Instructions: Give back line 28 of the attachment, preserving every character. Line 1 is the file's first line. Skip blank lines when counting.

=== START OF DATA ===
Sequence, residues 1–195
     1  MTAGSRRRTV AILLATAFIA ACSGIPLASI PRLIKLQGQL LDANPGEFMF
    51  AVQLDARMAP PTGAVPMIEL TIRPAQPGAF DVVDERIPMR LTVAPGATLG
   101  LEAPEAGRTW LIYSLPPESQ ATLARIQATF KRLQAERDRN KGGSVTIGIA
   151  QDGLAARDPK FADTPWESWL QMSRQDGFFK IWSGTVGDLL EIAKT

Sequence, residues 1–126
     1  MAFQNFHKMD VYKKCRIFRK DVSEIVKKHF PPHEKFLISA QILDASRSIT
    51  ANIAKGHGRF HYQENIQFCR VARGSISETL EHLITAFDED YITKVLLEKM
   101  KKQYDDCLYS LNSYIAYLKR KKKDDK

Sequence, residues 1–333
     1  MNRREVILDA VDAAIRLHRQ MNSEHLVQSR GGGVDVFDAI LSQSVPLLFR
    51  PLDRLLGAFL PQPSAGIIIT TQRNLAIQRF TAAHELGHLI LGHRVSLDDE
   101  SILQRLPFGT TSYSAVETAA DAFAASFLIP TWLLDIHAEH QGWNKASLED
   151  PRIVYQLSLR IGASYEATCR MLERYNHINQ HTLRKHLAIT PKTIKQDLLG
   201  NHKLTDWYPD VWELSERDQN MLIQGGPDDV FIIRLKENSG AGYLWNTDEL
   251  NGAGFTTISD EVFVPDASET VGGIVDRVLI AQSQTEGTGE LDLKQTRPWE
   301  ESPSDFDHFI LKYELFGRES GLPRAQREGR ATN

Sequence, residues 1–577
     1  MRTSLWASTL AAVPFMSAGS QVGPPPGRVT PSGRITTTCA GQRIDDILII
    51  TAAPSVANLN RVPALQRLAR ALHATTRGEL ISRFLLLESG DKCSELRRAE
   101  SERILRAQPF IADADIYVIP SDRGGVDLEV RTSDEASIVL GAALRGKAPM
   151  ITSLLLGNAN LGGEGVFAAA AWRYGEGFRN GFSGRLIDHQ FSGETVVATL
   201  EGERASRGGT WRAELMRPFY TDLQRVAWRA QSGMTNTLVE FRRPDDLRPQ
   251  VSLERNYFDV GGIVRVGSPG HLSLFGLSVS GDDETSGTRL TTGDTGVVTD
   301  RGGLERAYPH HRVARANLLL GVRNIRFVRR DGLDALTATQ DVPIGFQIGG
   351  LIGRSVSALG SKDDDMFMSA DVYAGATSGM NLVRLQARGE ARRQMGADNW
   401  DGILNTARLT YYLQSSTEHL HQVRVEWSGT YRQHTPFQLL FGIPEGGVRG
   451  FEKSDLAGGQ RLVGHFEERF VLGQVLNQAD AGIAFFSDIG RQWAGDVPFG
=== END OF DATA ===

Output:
   451  FEKSDLAGGQ RLVGHFEERF VLGQVLNQAD AGIAFFSDIG RQWAGDVPFG